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Re: Is x^5 > x^4?
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27 Dec 2017, 09:36
aadikamagic wrote: Is x^5 > x^4?
(1) x^3 > −x (2) 1/x < x The answer is C From 1 we can infer that the value of x is greater than 0 but we can not be sure that it is not a fraction . suppose x=0.2 then 0.008>0.2 but 0.2^5<0.4 and if we take integer then we will get x^5 > x^4 hence two cases insufficient . Multiply both the sides of the statement 2 we get x<x^3 or x^3x>0 or x*(x+1)*(x1)>0 there are two possible ranges for the equation 1<x<1 or x>1 hence insufficient . Together they are sufficient as x>1
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Re: Is x^5 > x^4?
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16 Jun 2018, 17:04
Bunuel wrote: Is x^5 > x^4?
Is \(x^5 > x^4\)? > reduce by x^4: is \(x > 1\)?
(1) x^3 > −x > \(x(x^2 + 1) > 0\). Since \(x^2 + 1\) is always positive, then the second multiple, x, must also be positive. So, this statement implies that x > 0. Not sufficient.
(2) 1/x < x > multiply by x^2 (it has to be positive, so we can safely do that): \(x < x^3\) > \(x(x^2 1) > 0\) > \((x + 1)x(x  1) > 0\) > \(1 < x < 0\) or \(x > 1\). Not sufficient.
(1)+(2) Intersection of ranges from (1) and (2) is \(x > 1\). Sufficient.
Answer: C. Hi Bunuel, From 2 it seems we are able to derive that x cannot equal 0 since 1/x < x and 1< x^2. Why then do we not just do as follows: 1 < x^2 0 < x^2  1 (x1)(x+1) > 0 So, x>1 or x<1. Also, keeping in mind that: 1/x < x , then x>0. Then, from the above x>1. My tangential questions here would be how did you know to multiply both sides by x^2? Thanks in advance.



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Re: Is x^5 > x^4?
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16 Jun 2018, 22:05
energy2pe wrote: Bunuel wrote: Is x^5 > x^4?
Is \(x^5 > x^4\)? > reduce by x^4: is \(x > 1\)?
(1) x^3 > −x > \(x(x^2 + 1) > 0\). Since \(x^2 + 1\) is always positive, then the second multiple, x, must also be positive. So, this statement implies that x > 0. Not sufficient.
(2) 1/x < x > multiply by x^2 (it has to be positive, so we can safely do that): \(x < x^3\) > \(x(x^2 1) > 0\) > \((x + 1)x(x  1) > 0\) > \(1 < x < 0\) or \(x > 1\). Not sufficient.
(1)+(2) Intersection of ranges from (1) and (2) is \(x > 1\). Sufficient.
Answer: C. Hi Bunuel, From 2 it seems we are able to derive that x cannot equal 0 since 1/x < x and 1< x^2. Why then do we not just do as follows: 1 < x^2 0 < x^2  1 (x1)(x+1) > 0 So, x>1 or x<1. Also, keeping in mind that: 1/x < x , then x>0. Then, from the above x>1. My tangential questions here would be how did you know to multiply both sides by x^2? Thanks in advance. Yes, since x is in the denominator, then it cannot be 0 but we still don't know its sign. If x > 0, then when crossmultiplying 1/x < x we'd get 1 < x^2. If x < 0, then when crossmultiplying 1/x < x we'd get 1 > x^2 (flip the sign when multiplying by negative value). Next, when we multiply an inequality by a variable in even power (x^2, x^4, ...), we don't have to worry about its sing because a number in even power cannot be negative. 9. Inequalities For more check Ultimate GMAT Quantitative Megathread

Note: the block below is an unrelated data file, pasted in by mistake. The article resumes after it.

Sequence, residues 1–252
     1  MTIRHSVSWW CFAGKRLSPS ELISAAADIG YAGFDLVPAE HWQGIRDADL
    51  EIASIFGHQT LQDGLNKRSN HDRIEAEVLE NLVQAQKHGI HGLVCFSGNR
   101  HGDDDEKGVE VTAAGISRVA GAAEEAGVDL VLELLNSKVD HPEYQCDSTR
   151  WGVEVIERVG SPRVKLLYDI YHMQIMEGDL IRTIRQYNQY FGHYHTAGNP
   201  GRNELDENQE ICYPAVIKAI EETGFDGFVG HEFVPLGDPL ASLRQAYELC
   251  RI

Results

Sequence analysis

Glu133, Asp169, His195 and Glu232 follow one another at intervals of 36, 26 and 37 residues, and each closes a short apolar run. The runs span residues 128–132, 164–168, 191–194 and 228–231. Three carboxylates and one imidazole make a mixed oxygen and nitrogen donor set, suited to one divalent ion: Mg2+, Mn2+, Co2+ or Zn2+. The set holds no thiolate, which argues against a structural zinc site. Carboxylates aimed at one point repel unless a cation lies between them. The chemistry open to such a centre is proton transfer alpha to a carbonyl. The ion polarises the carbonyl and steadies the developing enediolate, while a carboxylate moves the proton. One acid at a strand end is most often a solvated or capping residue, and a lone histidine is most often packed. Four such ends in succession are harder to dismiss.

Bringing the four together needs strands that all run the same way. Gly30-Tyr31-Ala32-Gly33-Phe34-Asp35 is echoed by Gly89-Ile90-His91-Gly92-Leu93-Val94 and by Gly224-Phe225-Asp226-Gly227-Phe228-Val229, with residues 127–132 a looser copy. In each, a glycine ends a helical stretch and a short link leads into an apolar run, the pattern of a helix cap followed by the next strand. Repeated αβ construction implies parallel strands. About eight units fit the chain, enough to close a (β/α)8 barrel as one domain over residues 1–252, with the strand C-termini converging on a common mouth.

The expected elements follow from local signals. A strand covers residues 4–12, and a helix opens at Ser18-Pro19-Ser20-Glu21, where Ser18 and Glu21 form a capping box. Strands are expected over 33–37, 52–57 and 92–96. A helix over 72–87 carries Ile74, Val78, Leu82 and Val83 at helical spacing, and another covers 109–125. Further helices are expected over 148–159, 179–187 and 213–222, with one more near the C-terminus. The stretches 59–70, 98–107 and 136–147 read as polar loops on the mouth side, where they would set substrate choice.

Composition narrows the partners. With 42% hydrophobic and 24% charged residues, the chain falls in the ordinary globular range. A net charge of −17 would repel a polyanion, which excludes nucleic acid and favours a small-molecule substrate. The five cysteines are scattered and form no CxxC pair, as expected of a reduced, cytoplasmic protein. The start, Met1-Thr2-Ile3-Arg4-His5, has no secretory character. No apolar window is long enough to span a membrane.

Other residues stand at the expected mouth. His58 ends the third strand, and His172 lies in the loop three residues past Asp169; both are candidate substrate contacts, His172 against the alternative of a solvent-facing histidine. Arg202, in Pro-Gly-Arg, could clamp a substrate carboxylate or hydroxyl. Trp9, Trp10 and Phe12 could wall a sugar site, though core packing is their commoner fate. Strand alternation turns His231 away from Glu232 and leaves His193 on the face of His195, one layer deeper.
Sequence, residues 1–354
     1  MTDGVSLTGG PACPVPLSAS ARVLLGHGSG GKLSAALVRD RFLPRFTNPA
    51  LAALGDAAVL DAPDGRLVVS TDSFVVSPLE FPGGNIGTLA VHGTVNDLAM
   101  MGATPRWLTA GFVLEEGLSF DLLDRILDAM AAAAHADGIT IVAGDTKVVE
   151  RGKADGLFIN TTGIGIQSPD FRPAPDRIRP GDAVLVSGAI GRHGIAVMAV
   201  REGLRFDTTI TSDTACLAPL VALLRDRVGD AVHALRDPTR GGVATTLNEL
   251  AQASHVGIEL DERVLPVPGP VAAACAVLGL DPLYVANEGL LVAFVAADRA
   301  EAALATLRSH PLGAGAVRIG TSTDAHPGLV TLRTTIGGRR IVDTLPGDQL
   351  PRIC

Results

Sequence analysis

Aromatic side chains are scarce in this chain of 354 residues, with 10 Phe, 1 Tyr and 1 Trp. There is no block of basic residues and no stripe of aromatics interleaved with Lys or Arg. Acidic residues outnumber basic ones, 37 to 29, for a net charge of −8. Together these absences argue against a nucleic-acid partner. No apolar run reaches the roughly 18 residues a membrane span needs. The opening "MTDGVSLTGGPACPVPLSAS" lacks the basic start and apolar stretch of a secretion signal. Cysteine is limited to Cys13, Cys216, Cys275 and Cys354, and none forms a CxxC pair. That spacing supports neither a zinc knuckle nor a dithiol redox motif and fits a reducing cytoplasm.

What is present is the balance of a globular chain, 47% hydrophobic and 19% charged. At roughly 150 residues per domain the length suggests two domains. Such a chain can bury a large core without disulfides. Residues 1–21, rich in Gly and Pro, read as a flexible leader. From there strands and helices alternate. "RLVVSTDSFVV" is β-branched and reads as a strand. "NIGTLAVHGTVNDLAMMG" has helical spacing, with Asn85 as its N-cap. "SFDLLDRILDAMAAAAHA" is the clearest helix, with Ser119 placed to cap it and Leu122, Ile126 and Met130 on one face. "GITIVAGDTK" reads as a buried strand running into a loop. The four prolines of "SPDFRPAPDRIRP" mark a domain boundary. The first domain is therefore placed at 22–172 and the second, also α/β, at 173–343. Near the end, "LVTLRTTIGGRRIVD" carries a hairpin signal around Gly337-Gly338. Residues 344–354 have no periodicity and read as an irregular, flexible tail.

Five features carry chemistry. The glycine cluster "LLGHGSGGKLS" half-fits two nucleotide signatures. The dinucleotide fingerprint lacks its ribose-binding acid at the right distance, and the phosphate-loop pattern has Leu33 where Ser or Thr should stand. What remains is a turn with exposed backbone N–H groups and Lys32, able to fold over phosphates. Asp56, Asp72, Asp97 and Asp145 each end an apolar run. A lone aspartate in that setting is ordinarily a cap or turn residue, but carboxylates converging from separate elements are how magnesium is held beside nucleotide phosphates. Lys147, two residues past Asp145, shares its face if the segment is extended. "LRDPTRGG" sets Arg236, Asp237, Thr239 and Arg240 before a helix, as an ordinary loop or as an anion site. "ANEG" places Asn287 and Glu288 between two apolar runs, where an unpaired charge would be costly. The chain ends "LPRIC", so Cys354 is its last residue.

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Re: Is x^5 > x^4?
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09 Aug 2018, 10:37
Bunuel wrote: shreyagmat wrote: Bunuel, can you please explain this :"x < x^3 > x(x^2 1) > 0 > (x + 1)x(x  1) > 0 > 1 < x < 0 or x > 1. Not sufficient."
" i understand that " (x + 1)x(x  1) > 0" and then the three roots are = 1,1,0. Since the inequality is ">", x is " outside these values. But how did we come to "1 < x < 0 or x > 1."
I came to : x(x+1)(x1)>0 either x>0 or (x+1)(x1)>0
and then im lost. Please Help (x + 1)x(x  1) > 0 > the "roots", in ascending order, are 1, 0 and 1, this gives us 4 ranges: x < 1; 1 < x < 0; 0 < x < 1; x > 1. Next, test some extreme value for x: if x is some large enough number, say 10, then all three multiples will be positive which gives the positive result for the whole expression, so when x>1, the expression is positive. Now the trick: as in the 4th range expression is positive, then in the 3rd it'll be negative, in the 2nd it'll be positive and finally in the 1st it'll be negative:  +  + . So, the ranges when the expression is positive are: 1 < x < 0 and x > 1. Theory on Inequalities: Solving Quadratic Inequalities  Graphic Approach: http://gmatclub.com/forum/solvingquadr ... 70528.htmlInequality tips: http://gmatclub.com/forum/tipsandhint ... l#p1379270http://gmatclub.com/forum/inequalitiestrick91482.htmlhttp://gmatclub.com/forum/datasuffine ... 09078.htmlhttp://gmatclub.com/forum/rangeforvar ... 09468.htmlhttp://gmatclub.com/forum/everythingis ... 08884.htmlhttp://gmatclub.com/forum/graphicappro ... 68037.htmlAll DS Inequalities Problems to practice: http://gmatclub.com/forum/search.php?se ... tag_id=184All PS Inequalities Problems to practice: http://gmatclub.com/forum/search.php?se ... tag_id=189700+ Inequalities problems: http://gmatclub.com/forum/inequalityan ... 86939.htmlHope this helps. Dear Bunuel, Thank you for the amazing explanation. But I'm actually confused on this step: (x + 1)x(x  1) > 0 > the "roots", in ascending order, are 1, 0 and 1, this gives us 4 ranges: x < 1; 1 < x < 0; 0 < x < 1; x > 1. Kindly explain how does this provide us with the afore mentioned values: I'm actually stuck here: (x + 1)x(x  1) > 0; So, (x+1)>0 x > 1; x>0; (x1) > 0 x > 1; Kindly help me with this; Im unable to reach the 4 ranges you mentioned.




Re: Is x^5 > x^4? &nbs
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